Science Publishing Evolves: Tangled in the Web

It's going to be a preprint service. It's going to be a reprint repository. It's going to kill off society journals. It's going to save them. It's going to compete with commercial titles. It's going to complement them. There appears to be no consensus on the effect E-biomed, a potential government-backed electronic publishing service proposed by Harold Varmus, director of the National Institutes of Health, will have on other journals--both paper and electronic. Nor does there appear to be much a

Paul Smaglik
Jun 6, 1999
It's going to be a preprint service. It's going to be a reprint repository. It's going to kill off society journals. It's going to save them. It's going to compete with commercial titles. It's going to complement them.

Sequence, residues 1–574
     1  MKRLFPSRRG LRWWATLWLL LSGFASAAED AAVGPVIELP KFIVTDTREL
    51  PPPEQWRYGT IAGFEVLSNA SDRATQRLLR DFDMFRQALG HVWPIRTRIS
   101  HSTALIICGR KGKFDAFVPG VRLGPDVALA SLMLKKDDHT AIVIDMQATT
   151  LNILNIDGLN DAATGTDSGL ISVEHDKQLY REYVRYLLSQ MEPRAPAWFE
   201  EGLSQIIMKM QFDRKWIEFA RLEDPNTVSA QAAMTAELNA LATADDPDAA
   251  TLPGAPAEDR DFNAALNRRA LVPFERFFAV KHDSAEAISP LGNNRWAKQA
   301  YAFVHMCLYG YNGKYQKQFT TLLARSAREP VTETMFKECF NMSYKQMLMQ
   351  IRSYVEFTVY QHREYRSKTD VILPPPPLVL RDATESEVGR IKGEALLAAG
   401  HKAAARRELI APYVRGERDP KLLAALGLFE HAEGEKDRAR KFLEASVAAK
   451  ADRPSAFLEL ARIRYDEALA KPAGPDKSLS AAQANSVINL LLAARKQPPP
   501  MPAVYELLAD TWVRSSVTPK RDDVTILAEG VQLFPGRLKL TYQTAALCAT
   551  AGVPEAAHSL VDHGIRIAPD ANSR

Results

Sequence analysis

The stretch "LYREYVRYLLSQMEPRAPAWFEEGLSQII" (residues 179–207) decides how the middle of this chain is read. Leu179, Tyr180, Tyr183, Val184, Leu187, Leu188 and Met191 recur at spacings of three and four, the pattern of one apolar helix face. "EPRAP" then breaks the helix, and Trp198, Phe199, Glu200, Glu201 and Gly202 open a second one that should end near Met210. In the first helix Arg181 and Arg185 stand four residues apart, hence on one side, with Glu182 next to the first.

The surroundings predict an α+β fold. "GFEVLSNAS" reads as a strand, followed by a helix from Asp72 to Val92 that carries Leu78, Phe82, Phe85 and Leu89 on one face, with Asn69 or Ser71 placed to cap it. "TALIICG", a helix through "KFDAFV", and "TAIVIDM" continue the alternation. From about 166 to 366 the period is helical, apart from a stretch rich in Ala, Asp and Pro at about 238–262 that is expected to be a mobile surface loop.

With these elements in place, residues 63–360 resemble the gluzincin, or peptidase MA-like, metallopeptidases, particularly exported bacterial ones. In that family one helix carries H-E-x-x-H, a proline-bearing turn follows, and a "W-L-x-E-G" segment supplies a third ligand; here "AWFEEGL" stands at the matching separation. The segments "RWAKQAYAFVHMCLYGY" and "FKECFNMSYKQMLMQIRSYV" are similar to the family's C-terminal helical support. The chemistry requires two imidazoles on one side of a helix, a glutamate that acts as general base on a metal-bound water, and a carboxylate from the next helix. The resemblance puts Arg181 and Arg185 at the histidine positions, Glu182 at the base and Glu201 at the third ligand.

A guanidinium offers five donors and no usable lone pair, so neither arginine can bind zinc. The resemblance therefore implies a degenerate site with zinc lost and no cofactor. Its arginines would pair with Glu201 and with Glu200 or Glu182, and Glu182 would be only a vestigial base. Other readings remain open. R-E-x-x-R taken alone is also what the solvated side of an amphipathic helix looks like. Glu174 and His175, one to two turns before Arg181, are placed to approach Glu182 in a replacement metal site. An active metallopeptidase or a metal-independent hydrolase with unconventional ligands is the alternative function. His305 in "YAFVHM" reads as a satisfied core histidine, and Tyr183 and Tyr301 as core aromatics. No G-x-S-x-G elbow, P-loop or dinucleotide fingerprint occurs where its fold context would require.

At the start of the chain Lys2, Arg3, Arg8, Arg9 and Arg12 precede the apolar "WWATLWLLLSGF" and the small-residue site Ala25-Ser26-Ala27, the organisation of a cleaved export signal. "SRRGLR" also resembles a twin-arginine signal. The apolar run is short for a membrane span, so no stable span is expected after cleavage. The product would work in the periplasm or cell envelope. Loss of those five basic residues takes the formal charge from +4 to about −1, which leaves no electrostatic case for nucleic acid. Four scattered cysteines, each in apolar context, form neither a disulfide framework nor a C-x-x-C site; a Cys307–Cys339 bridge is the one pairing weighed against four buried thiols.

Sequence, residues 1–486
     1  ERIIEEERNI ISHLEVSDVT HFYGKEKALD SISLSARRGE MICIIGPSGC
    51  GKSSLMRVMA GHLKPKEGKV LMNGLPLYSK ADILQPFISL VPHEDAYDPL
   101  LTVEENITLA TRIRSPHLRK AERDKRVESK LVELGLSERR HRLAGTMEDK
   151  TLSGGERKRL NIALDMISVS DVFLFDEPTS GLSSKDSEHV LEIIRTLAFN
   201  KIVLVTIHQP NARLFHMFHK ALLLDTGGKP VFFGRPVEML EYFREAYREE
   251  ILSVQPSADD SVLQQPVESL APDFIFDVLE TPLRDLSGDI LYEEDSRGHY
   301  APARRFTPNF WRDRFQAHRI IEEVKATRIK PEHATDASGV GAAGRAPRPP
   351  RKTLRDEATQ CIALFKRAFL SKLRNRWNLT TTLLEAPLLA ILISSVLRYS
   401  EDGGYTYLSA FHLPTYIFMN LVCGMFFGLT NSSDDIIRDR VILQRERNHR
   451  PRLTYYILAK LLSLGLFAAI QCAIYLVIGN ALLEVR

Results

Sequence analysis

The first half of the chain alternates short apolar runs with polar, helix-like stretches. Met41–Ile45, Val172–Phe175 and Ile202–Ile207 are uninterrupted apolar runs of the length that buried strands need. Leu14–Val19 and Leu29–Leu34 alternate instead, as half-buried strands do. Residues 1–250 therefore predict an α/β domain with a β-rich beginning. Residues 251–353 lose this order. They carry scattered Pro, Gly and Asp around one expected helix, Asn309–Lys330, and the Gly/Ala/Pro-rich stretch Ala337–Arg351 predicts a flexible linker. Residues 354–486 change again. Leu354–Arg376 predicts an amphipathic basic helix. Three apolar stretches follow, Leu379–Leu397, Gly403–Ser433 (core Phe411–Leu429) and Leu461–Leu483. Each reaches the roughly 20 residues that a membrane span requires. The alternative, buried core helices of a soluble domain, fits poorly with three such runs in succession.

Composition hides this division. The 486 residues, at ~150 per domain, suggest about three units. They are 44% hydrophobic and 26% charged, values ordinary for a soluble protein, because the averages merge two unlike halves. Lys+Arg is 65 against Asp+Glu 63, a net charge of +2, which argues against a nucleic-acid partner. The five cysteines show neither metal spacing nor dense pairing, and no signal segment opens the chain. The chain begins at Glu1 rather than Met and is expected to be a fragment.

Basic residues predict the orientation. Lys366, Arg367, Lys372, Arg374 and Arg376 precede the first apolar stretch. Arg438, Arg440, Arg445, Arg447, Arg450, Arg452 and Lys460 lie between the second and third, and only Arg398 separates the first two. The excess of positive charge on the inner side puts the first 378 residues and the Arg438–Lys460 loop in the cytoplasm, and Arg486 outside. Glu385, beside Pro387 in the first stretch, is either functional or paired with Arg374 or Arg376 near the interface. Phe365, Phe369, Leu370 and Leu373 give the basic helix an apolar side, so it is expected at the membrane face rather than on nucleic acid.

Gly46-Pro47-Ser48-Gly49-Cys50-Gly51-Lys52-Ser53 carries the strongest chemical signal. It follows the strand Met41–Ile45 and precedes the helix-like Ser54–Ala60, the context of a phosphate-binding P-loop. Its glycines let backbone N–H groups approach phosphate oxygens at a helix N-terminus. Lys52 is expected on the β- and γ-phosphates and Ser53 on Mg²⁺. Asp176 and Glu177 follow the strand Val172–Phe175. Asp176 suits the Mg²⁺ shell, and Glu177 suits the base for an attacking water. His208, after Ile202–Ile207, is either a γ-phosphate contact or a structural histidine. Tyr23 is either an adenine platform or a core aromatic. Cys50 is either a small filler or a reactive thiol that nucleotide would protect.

There appears to be no consensus on the effect E-biomed, a potential government-backed electronic publishing service proposed by Harold Varmus, director of the National Institutes of Health, will have on other journals--both paper and electronic. Nor does there appear to be much agreement on what form that service will take. "There's a vagueness in Varmus' proposal," comments electronic publishing expert Stevan Harnad, professor of cognitive science at Princeton University and the University of Southampton in England. Varmus, who acknowledges that the proposal is young, calls that vagueness "evolvability" (see Varmus interview, page 3). While words like "vagueness" and nonwords like "evolvability" are being applied specifically to E-biomed, they might well...

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